A true story.
In September of 1959, Premier Nikita Khrushchev met with President Eisenhower in Washington DC, the first visit by any Soviet leader to the US. It was the height of the Cold War, tensions were high, and so were suspicions. After days of largely unproductive meetings, Ike suggested going to the Presidential retreat at Camp David to relax for a few days. “Dah” Khrushchev replied, assuming that “nearby” meant a short drive.
Arrangements were made by staff, but when Ike led Niki across the South Lawn to a couple of waiting helicopters, Nikita refused to board. He was terrified of helicopters. And for good reason. There is a saying that helicopters are thousands of parts all trying to fly apart from each other. Harry Reasoner once wrote:
“The thing is, helicopters are different from planes. An airplane by it’s nature wants to fly, and if not interfered with too strongly by unusual events or by a deliberately incompetent pilot, it will fly. A helicopter does not want to fly. It is maintained in the air by a variety of forces and controls working in opposition to each other, and if there is any disturbance in this delicate balance the helicopter stops flying; immediately and disastrously…
“This is why being a helicopter pilot is so different from being an airplane pilot, and why in generality, airplane pilots are open, clear-eyed, buoyant extroverts and helicopter pilots are brooding introspective anticipators of trouble. They know if something bad has not happened it is about to.”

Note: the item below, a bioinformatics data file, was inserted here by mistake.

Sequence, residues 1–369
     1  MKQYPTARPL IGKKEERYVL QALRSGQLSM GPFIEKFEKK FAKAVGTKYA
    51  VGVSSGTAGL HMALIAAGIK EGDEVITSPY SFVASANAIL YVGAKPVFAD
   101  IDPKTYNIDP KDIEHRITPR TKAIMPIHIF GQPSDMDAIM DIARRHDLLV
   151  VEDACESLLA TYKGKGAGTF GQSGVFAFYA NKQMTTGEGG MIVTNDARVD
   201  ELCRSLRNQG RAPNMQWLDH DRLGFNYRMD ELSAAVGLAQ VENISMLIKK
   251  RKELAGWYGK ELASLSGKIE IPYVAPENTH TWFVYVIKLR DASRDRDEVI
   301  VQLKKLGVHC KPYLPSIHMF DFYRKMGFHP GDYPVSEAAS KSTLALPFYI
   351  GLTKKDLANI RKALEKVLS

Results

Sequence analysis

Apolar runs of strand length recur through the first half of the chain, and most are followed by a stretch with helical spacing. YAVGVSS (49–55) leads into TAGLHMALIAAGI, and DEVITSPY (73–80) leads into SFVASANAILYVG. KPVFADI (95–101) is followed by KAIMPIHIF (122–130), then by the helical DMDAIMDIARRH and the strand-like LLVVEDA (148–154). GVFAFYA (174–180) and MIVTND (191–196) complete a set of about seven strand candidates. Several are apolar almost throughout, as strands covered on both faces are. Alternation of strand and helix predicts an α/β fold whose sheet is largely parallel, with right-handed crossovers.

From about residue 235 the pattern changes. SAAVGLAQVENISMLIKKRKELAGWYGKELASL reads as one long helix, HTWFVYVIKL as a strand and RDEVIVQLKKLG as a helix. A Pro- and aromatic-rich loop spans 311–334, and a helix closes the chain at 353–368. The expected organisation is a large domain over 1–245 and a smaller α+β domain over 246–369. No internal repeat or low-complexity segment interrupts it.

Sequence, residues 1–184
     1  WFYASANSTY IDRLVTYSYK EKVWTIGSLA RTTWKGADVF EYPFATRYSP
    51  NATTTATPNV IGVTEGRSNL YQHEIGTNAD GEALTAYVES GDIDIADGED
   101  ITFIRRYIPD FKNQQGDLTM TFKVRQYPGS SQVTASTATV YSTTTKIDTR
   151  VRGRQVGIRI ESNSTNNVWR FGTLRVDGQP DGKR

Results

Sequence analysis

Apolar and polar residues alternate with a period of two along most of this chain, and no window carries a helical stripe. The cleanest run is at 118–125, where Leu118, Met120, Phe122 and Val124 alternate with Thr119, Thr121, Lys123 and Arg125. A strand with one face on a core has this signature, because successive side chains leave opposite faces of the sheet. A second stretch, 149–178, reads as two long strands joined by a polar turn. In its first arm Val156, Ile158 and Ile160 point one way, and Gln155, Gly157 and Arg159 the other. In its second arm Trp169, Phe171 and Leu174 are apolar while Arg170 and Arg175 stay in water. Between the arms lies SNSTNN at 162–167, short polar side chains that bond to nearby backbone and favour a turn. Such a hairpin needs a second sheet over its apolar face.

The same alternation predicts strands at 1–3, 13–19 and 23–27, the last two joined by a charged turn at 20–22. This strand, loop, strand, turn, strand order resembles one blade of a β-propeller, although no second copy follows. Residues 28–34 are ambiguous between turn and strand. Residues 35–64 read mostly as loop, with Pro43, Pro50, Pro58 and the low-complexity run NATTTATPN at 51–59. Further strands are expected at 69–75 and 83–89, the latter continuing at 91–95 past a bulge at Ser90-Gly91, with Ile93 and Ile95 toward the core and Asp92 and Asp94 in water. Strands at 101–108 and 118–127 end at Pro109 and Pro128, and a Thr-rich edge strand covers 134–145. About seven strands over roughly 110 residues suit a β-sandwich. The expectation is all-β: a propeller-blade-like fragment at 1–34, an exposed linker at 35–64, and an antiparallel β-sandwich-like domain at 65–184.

Khrushchev thought it might be an assassination plot, and that his chopper might be shot down. Ike assured him that it was safe, and when Ike told him that they would both go in the same helicopter, Khrushchev agreed. Ike let him sit in the Presidential seat, with a commanding view out the oversized window. While Niki fidgeted and squirmed, Ike and others explained to him what they were seeing as they flew over the Maryland suburbs. Someone explained that the helicopter, a Sikorsky S-58, was made by a company founded by a Russian-born designer, Igor Sikorsky.
In time, Khrushchev became comfortable and even enjoyed the flight. When Ike asked how he liked the flight, Niki confronted Ike with his famous wagging finger that he waved one millimeter from Ike’s nose and said “Of course it is a good and safe aircraft, it was designed by a Russian!”
“Yes,” Ike replied. “A Russian who was smart enough to get the hell out of Russia.”
As told to me by Sergei Sikorsky (left), whose father Igor immigrated to the US in 1919 following the Bolshevik revolution. Sergei retired as VP of Special Projects for the company.